In his 30-year history at Hospital for Special Surgery, both as an attending orthopedic surgeon and as part of his role as HSS surgeon-in-chief (1993-2003), Dr. Russell Warren has seen a wildly varied spectrum of musculoskeletal ailments affecting every kind of patient. The profound experience provided by this kind of tenure is impressive on its own, but for the past 25 years, Dr. Warren has added another position to his resumé: Team Physician of the New York Giants professional football organization.
We discussed his role at length in a recent interview, in which Dr. Warren described the elements of a great professional sports health team, the importance of educational experience, the benefits of honest communication, the best course of care in dealing with the toughest injuries, and advice for aspiring athletes.
With a team as large as the Giants – girth aside, in terms of sheer manpower – there is no way for one physician to handle every kind of injury. Although he has become familiar with a broad scope of football injuries, Dr. Warren is an orthopedic surgeon, and his specialty is in treating musculoskeletal injuries and conditions of the shoulder and knee, including tears of the rotator cuff, meniscus, and anterior cruciate ligament (ACL). With help from associate team physicians Bryan T. Kelly, MD, and Scott A. Rodeo, MD, both orthopedic surgeons at HSS, Dr. Warren designates the proper specialist for any injury outside his main areas of expertise.
When a player injures his foot or ankle, Dr. Warren may consult the Foot and Ankle Service at HSS. Any injury to the neck or spine will require an evaluation by the HSS Spine Service, and specialists from the HSS Hand and Upper Extremity Service will diagnose and treat those related injuries and conditions. Likewise, in case of heart, kidney, or other issues not related to musculoskeletal health, Dr. Warren and his colleagues consult the related specialists at NewYork-Presbyterian Hospital, located just across the street from HSS.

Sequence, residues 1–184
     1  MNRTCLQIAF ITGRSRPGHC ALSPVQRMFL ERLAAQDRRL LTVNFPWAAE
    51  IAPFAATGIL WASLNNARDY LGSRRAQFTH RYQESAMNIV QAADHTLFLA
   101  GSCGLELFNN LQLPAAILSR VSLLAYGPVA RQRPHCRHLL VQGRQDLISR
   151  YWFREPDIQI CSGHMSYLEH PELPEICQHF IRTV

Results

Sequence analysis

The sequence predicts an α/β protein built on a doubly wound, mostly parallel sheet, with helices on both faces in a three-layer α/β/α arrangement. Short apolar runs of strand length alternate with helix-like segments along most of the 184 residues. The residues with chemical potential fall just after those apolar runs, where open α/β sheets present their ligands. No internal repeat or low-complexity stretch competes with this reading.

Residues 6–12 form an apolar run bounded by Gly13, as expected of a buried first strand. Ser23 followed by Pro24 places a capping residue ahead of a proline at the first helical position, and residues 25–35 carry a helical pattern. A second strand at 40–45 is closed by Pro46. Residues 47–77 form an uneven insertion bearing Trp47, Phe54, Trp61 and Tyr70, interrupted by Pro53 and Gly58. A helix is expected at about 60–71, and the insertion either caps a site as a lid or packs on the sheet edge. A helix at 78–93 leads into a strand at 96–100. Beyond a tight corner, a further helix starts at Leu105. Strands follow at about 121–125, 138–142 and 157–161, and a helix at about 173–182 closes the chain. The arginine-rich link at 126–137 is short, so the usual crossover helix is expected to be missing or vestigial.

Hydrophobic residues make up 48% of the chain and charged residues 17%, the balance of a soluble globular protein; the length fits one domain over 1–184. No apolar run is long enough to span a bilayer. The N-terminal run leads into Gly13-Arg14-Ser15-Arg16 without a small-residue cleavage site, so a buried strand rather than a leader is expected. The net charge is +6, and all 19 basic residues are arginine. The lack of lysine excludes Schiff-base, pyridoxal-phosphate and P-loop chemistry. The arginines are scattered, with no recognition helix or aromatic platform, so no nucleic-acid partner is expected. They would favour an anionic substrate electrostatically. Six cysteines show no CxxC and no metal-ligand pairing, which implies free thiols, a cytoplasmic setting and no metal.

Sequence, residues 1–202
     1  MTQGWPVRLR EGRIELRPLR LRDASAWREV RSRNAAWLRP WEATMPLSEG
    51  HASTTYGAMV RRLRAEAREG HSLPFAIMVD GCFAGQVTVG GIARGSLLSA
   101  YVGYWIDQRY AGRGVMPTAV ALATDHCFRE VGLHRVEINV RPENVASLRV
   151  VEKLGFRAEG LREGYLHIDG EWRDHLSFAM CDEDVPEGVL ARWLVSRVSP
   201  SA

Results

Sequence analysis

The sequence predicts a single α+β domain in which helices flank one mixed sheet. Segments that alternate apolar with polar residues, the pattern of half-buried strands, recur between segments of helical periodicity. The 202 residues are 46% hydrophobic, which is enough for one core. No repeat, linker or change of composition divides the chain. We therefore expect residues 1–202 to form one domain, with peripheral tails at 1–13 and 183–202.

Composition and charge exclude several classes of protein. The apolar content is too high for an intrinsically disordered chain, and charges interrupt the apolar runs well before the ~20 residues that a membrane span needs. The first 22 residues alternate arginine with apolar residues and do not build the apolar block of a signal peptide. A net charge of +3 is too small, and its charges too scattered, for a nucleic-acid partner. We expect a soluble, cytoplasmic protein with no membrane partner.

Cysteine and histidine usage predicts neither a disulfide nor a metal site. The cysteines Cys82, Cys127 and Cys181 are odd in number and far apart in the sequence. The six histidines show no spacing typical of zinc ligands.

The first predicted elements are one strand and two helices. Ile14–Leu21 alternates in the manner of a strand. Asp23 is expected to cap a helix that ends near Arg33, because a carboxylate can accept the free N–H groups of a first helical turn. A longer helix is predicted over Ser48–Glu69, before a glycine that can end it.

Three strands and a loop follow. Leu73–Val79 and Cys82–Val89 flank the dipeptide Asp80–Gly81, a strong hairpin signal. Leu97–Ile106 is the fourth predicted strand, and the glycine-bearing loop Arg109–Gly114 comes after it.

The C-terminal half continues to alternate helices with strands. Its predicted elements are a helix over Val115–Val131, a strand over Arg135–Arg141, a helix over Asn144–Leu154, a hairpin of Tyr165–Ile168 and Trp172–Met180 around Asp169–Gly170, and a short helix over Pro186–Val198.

“We’re working in a sphere in which orthopedics is the largest component of it,” explains Dr. Warren, “but there are lots of other parts. As head team physician, you have to set up a large consulting staff.” There are essential values in setting a system that enables them to evaluate players quickly and efficiently, he reasons. “There’s a game on Sunday. Will they be able to play? We don’t have a month to figure out a problem -- we have a few days.”
In tandem with Ronnie Barnes, the Giants head trainer, Dr. Warren works with a team of trainers, strength coaches, and nutritionists throughout the year, both in-season and off-season, to keep the players actively involved in a customized strength and conditioning program. In addition, players requiring rehabilitation after an injury will be assigned to a physical therapist and given a customized regimen of exercise to return them to peak game condition.
“In working with a team as a team physician,” he says, “the key is to have expert trainers who play a huge role in diagnosing and treating with our guidance. We are fortunate on the Giants to have Ronnie Barnes as our head trainer with [Assistant Athletic Trainer/Coordinator of Rehabilitation] Byron Hansen and [Assistant Athletic Trainer] Steve Kennelly.”
Early in the spring season, Drs. Warren, Rodeo, or Kelly arrive at the “combine” with two of his Sports Medicine fellows from HSS to assess players for their injury risk in the NFL. The combine, much like the farming machine with which it shares a name, weeds out the unfit players as they undergo a rigorous series of tests in order to determine both their athletic prowess and their potential for injury at a high level of play.
Shortly thereafter, the onset of the draft will require more players to be evaluated by the medical team. All players, from the rookies to the veterans, submit to physical checkups by Dr. Warren’s team. Injuries will then be assessed and treated, and conditioning programs will be fine-tuned to maximize each player’s potential while decreasing their risk of injury.
While offseason camp commences in June, final training camp begins in July, consisting of the top 85 players in the Giants organization. This intensive training period lasts for five weeks, during which time the two HSS fellows, along with a rotating schedule of the three HSS team physicians, observe the players as they get in shape for the upcoming season. After two weeks of two daily practice sessions, the team will play four preseason games.